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    Pristine Affluence: Daoist Roots in the Stone Age. Livia Kohn. St. Petersburg, FL: Three Pines Press, 2017. 273 pp. Paperback US $35. ISBN 978-1-931483-36-0; ebook US $15. ISBN 978-1-365-50563-8.
    ( 2018) Wright, Joshua
    The archetypical Daoist immortal is depicted as a chubby bearded man wearing a loose robe, sometimes with a gourd of liquor in his hand and a donkey or water buffalo standing nearby. He rests in a scenic spot, communing, distilling, and considering the life of the mind. And, if the thesis of Pristine Affluence is to be believed, recovering prehistoric patterns of life.
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    The History and Archaeology of the Koguryŏ Kingdom. Edited by Mark E. Byington. Early Korea Project Occasional Series. Cambridge, MA: Korea Institute, Harvard University, 2016. 520 pp., 188 illustrations, 37 maps. Distributed by University of Hawai‘i Press. Paperback US $50. ISBN 9780988692855.
    ( 2018) Kang, HyunSook
    The History and Archaeology of the Koguryŏ Kingdom was published in 2016 as part of the Early Korea Project at the Korea Institute of Harvard University. Edited by Mark E. Byington, the book is a collection of papers on the history and archaeology of Koguryŏ by researchers from Korea, China, Japan, the United States, and France. The papers contained in this book were originally presented at a conference on the “History and Archaeology of the Koguryŏ Kingdom” held in 2005. The conference was organized to provide an opportunity for Koguryŏ specialists from various countries to share their research results at a time when the historical dispute between Korea and China over the ancient kingdom was reaching a new level of acrimony.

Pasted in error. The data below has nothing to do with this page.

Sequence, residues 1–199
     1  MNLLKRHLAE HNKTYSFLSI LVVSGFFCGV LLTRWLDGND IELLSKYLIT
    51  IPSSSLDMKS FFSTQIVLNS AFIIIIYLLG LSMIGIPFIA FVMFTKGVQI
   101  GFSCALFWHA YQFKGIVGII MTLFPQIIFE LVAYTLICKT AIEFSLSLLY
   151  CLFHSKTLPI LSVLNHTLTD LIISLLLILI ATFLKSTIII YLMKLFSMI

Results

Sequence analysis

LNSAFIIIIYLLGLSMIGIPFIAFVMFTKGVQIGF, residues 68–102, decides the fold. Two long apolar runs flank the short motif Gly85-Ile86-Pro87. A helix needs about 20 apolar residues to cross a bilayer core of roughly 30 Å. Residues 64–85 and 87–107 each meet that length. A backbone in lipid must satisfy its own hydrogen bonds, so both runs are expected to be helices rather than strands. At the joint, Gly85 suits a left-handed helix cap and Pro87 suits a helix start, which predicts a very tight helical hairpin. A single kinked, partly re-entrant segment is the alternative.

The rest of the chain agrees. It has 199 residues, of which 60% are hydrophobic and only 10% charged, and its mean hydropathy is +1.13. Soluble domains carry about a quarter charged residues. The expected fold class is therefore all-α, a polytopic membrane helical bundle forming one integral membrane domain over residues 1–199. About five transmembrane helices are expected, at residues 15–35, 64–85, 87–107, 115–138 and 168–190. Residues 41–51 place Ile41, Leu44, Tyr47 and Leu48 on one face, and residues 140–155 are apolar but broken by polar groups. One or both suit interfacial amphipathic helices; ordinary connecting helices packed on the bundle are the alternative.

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    Ancient Southeast Asia. John N. Miksic and Geok Yian Goh. London and New York: Routledge, 2017. xxii + 631 pp., illustrations, maps, bibliography, index. Paperback £35, US $36. ISBN 978-0-415-73554-4; Hardback £105, US $112. ISBN 978-0-415-73553-7; eBook £32, US $26. ISBN 978-1-315-64111-9.
    ( 2018) Bonatz, Dominik
    This book provides readers with the most comprehensive overview of Southeast Asia’s archaeological history since C.F.W. Higham’s (1989) seminal book, The Archaeology of Mainland Southeast Asia. Moreover, Ancient Southeast Asia is the first synthesis to encompass not only the mainland regions but also Island Southeast Asia from Sumatra and Borneo to the Philippines. A work of such breadth and scope demands rich scholarship, which has been guaranteed by the authors’ enormous knowledge of the different regional contexts and their acquaintance with the material and textual evidence and the latest discoveries. The result is a highly useful compilation, which will enable readers to understand the dynamics of social-cultural evolution in a vast and geographically fragmented region.